NMEA Tools

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Thoughts on our NMEA devices and software, NMEA0183 and NMEA2000 protocols, and related matters


What makes a valid NMEA sentence?

Recently we've had a couple of customers send us data files with NMEA0183 sentences that weren't being logged by our data logger, wondering what the problem was. Our logger checks the sentences are in a valid format, and only logs well formed sentences (it doesn't look at the message contents - everything that is valid gets logged).

So what makes a sentence valid? Here are the key points:

Data Transmission

Without burrowing down to the level of the electronic signal, NMEA data is basically unidirectional. When setting up a serial port to send or receive NMEA data it should be configures as 1 start bit, 8 data bits, 1 stop bit and no parity. The official data rate of NMEA0183 is 4800bps. A faster data rate of 38400bps is referred to as NMEA0183-HS, and is primarily used by AIS. Some devices may use other speeds, e.g. many non-marine GPS receivers have a default speed of 9600bps. If these settings are wrong, you may get garbage, including characters not allowed by NMEA0183, or you may get nothing.

Of course, if sending NMEA data over a network cable or Wi-Fi, these serial settings don't apply, as the data is sent over the network using TCP or UDP.

Character Set

Basically it uses the printable ASCII characters (i.e. decimal codes 20 to 127 inclusive). Within this range, the following characters are reserved for specific purposes: $*,!\^~ and <DEL>, plus <CR> and <LF>. This means upper and lower case unaccented characters from the Latin alphabet, digits 0 to 9, and standard punctuation marks.

Sentence Structure

Each message begins with a $ or ! and ends with a <CR><LF>, and can be up to 82 characters long (that is 79 characters between the first character and the <CR><LF>). After the initial $ or ! there are 5 characters comprising upper case letters or number (or 4 if the sentence begins $P), and then a comma. From then on there are a series of comma separated fields, e.g.: $ESDPT,11.3,,100<CR><LF>. In most instances fields are optional, e.g. in this example the field between 11.3 and 100 is omitted. Also, there is no comma between the last field and the <CR><LF>.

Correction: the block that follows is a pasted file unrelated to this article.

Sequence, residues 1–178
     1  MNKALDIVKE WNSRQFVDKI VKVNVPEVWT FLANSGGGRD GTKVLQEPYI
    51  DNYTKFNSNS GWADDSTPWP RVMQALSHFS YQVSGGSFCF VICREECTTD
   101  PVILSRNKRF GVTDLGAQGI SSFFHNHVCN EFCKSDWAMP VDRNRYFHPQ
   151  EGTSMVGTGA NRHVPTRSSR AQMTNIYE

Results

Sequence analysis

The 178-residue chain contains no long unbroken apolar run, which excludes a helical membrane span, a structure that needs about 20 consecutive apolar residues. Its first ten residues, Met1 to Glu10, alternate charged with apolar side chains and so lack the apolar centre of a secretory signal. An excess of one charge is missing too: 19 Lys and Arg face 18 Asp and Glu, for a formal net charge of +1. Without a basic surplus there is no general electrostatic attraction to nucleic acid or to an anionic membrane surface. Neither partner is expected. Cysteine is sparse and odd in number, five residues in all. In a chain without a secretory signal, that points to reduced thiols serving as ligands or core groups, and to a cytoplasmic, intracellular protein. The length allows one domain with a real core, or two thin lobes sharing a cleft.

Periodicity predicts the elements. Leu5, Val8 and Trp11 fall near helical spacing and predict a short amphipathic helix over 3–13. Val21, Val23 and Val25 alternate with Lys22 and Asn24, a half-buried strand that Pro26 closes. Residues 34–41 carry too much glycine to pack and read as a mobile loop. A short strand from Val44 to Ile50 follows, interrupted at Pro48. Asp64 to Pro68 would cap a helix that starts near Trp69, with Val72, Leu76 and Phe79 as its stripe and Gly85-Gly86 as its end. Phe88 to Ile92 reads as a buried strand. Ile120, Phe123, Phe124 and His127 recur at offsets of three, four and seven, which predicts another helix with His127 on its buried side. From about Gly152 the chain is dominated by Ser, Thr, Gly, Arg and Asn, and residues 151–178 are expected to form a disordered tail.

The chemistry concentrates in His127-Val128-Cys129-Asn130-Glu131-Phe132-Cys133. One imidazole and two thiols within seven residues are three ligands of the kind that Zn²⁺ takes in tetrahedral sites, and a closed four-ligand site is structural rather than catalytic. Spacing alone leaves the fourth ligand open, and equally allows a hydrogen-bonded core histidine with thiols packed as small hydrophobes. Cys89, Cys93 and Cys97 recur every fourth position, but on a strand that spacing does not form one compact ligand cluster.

Checksum

There is an optional checksum between the last field and the terminating <CR><LF> (though a few sentences are now required to have it, to meet backwards compatibility needs the checksum is still effectively optional). The checksum consists of a * and then two hex characters (i.e. 0 - 9 and A-F), for example: $ESDPT,11.3,,100*56<CR><LF>. Whilst this gives another way of detecting corrupted data, if you are generating long sentences it also shortens the available length by 3 characters.

The checksum is calculated by doing a bitwise exclusive or (XOR) of all characters between (but not including) the initial $ or ! and the final <CR><LF>. In hexadecimal representation this is a 2 digit number which is converted to the ASCII characters. The * and two character checksum is then added to the sentence. For example, continuing with the example here, XORing ESDPT,11.3,,100 gives 86 as a decimal or 56 as a hexadecimal, so we add in *56 as the checksum. If you need to code this up, Google will give you code snippets in most languages, and there is a useful checksum calculator here.

 So, before looking at the information content of a sentence, quite a lot can be done to check that it is valid, and hasn't been corrupted in transit - which is relatively rare when sending NMEA data over wires, but is all too common sending data over Wi-Fi using UDP (which I may look at in a later post).